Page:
About Pelvic Organ Prolapse
Pelvic organ prolapse occurs when the pelvic floor muscles and connective tissue weaken or tear, causing one or more of the organs inside the pelvis to slip from their normal positions and bulge into the vagina. The pelvic organs consist of the uterus, vagina, bowel, and bladder. Normally, the muscles and tissues in the pelvic region support the pelvic organs to hold them in place. Similar to a hernia, pelvic organ prolapse can develop quickly, but it can also progress over the course of many years.
As many as 1 in 3 women will develop prolapse in her lifetime, and up to 1 in 5 will have surgery for this very indication. However, because there is a perceived stigma related to the symptoms of pelvic floor disorders, many people are reluctant or embarrassed to discuss them, even with their doctors.
Pelvic Floor Disorder Video Overview
Margaret G. Mueller, MD, discusses pelvic floor disorders, symptoms and treatment options.
The Urogynecologists at Northwestern Medicine Women’s Integrated Pelvic Health Program (IPHP) offer comprehensive evaluations and treatment options for women with pelvic organ prolapsed; we offer conservative and surgical options. The physicians of the IPHP are committed to providing individualized care for every patient. All IPHP physicians are fellowship trained and/or board-certified specialists in the field of Female Pelvic Medicine and Reconstructive Surgery (Urogynecology), Urology, and Colon & Rectal surgery. All serve on the faculty at Northwestern University Feinberg School of Medicine.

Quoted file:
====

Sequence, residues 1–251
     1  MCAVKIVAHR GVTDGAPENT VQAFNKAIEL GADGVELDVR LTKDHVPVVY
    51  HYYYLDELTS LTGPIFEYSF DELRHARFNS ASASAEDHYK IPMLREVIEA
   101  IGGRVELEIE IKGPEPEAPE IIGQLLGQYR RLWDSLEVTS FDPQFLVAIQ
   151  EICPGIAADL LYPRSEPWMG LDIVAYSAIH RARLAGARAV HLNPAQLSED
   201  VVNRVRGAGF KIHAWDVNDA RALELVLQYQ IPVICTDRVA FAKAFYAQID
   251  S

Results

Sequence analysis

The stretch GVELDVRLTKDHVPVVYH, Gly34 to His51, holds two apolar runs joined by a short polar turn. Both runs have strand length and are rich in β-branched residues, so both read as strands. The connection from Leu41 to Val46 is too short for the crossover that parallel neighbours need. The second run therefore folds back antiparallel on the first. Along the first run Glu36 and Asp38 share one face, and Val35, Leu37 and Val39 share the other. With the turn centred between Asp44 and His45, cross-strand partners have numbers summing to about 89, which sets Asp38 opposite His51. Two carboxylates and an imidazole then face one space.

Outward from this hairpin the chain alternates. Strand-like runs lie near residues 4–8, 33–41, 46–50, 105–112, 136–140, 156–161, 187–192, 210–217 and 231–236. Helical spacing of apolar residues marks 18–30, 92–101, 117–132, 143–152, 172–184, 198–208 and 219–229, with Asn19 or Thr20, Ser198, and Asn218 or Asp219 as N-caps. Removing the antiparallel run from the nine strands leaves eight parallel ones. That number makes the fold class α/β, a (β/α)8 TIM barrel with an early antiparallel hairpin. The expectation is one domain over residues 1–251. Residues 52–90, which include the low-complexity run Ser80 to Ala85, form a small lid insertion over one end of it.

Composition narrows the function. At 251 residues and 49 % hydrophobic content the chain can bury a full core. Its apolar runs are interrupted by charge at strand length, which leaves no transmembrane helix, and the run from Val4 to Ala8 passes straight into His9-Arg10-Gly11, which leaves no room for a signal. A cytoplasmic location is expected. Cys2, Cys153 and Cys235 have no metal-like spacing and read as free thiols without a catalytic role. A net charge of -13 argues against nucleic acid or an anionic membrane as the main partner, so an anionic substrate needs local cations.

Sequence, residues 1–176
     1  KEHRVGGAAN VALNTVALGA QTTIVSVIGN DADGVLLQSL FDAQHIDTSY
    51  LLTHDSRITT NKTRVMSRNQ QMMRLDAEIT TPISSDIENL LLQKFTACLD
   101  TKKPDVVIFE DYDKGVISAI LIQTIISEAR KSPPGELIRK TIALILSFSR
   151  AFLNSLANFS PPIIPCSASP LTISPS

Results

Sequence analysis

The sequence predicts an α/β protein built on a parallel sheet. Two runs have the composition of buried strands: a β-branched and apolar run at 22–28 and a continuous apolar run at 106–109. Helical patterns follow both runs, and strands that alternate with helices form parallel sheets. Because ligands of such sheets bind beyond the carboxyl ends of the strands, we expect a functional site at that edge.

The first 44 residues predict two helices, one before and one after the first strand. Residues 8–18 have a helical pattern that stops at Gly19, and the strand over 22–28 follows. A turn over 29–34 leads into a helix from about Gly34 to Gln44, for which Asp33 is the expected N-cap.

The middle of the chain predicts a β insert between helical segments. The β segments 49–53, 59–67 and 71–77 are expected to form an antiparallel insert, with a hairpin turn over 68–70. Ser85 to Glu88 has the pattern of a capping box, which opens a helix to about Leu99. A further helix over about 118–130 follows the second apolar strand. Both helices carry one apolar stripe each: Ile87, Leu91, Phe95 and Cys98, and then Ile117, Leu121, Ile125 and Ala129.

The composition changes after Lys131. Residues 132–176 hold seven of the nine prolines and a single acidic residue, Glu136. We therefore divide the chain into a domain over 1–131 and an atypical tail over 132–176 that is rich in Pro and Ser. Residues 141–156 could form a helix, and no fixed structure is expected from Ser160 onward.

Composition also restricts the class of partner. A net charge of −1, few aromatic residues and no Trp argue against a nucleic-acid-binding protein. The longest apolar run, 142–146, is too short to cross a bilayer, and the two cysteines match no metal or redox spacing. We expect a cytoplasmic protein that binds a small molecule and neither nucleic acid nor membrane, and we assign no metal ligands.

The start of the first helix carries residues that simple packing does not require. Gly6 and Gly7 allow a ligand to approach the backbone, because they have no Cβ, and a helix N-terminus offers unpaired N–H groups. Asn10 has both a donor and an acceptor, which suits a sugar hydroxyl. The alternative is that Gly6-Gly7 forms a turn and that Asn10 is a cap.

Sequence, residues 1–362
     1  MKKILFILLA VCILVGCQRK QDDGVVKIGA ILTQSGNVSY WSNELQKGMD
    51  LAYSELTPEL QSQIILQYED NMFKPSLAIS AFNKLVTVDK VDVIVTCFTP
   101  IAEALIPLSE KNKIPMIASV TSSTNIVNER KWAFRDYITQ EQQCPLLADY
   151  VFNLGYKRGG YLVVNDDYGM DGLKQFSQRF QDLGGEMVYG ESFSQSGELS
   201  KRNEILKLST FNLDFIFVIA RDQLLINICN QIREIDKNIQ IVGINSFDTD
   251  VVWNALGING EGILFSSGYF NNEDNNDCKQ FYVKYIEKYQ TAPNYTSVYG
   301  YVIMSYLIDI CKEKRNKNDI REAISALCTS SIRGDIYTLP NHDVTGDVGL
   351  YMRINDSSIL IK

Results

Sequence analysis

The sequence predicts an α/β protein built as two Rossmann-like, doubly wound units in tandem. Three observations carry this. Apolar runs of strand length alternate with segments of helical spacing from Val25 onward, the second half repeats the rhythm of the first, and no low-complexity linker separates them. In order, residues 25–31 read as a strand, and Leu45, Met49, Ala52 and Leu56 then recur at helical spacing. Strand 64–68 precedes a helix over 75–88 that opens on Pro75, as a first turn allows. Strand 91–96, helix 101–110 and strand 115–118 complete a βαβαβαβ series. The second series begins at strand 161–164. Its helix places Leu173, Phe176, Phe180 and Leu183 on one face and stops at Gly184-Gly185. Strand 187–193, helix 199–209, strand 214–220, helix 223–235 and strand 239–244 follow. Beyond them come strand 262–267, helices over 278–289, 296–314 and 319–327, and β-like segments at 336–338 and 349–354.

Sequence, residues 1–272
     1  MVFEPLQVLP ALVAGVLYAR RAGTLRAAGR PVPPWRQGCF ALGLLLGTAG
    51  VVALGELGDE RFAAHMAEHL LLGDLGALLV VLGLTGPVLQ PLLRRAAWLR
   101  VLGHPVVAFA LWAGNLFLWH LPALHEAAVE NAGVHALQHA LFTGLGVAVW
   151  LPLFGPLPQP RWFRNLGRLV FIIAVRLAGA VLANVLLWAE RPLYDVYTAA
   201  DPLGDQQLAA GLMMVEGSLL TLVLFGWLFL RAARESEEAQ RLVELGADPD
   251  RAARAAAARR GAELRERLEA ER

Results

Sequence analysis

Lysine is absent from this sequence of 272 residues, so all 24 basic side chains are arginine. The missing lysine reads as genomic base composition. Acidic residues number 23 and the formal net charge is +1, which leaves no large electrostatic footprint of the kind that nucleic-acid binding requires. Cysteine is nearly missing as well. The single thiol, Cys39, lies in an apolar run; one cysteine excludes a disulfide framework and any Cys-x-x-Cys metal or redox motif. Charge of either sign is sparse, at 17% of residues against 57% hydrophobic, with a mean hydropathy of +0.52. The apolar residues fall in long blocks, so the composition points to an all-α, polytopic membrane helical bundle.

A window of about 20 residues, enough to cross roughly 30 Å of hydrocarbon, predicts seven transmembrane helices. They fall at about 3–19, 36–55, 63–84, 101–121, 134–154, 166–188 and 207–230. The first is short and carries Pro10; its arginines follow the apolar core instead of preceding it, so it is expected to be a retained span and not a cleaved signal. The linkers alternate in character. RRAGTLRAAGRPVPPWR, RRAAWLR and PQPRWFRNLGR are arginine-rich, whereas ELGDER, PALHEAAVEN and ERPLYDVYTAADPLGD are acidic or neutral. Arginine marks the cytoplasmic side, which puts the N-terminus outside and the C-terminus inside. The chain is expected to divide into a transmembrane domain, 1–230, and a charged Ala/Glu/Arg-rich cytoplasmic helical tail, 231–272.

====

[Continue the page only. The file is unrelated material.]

The Women’s IPHP is a national leader in treatment and research for women with pelvic organ prolapse, offering a transdisciplinary approach to caring for women with pelvic floor disorders in one location. Specialists from different disciplines work jointly to create new treatments and innovations that transcend discipline-specific approaches to address each woman’s pelvic floor symptoms.
Types of Pelvic Organ Prolapse
To evaluate a woman for pelvic organ prolapse, a Urogynecologist will review a woman’s medical history and perform a pelvic examination. She will measure the degree of the vaginal prolapse using a staging system ranging from 1-4. Below are diagrams of normal pelvic support and four types of pelvic organ prolapse: